Here we find that stabilizing the LBD dimer with disulphide bridges deeply impair the channel opening reaction but has no effect on desensitization. Conversely, restoring flexibility across the heterodimer interface by reducing the engineered intersubunit bonds allows Mt1/Mt1 receptors to reach open states that have native-like stabilities. On the basis of these results, we propose that the NMDA receptor activation sequence but not its desensitization involves the relative repositioning of subunits within ligand-binding domains and we suggest that the intramolecular interfaces of NMDA and non-NMDA receptors may have distinct functional roles.


Crosslinked receptors produce desensitizing currents

Consistent with previous studies11,12, we found that Mt1/Mt1 receptors expressed in HEK 293 cells were functional, their activity was strongly potentiated by DTT treatment, and DTT treatment effectively induced dimer dissociation (Fig. 1a–c; Supplementary Fig. S1). However, contrary to the presumption that crosslinking prevents desensitization, whole-cell currents desensitized with kinetics comparable to those of wild-type (Wt/Wt) receptors, and reducing agents (DTT 10 mM, 2 min) strongly potentiated current amplitudes and reduced macroscopic desensitization (Fig. 1b). These effects were fully reversible along several reducing/oxidizing cycles (Fig. 1d), indicating that the majority of receptors reaching the membrane were in oxidized form and that the DTT-induced changes in current amplitude and kinetics resulted from increased flexibility at the dimer interface.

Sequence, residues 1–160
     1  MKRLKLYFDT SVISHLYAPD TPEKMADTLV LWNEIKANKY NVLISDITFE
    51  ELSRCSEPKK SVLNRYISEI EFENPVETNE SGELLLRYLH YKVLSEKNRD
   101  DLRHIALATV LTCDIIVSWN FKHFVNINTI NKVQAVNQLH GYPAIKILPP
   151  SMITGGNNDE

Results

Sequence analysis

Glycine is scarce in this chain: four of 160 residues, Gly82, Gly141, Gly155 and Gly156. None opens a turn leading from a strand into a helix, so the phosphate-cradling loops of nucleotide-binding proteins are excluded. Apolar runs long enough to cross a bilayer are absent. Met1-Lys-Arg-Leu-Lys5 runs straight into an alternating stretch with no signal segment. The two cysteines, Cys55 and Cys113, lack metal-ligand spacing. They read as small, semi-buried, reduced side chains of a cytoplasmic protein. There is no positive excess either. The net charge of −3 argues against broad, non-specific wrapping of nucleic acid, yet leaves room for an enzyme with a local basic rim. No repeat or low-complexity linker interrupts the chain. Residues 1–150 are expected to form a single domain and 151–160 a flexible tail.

Figure 1: Macroscopic properties of Mt1/Mt1 receptors.
figure 1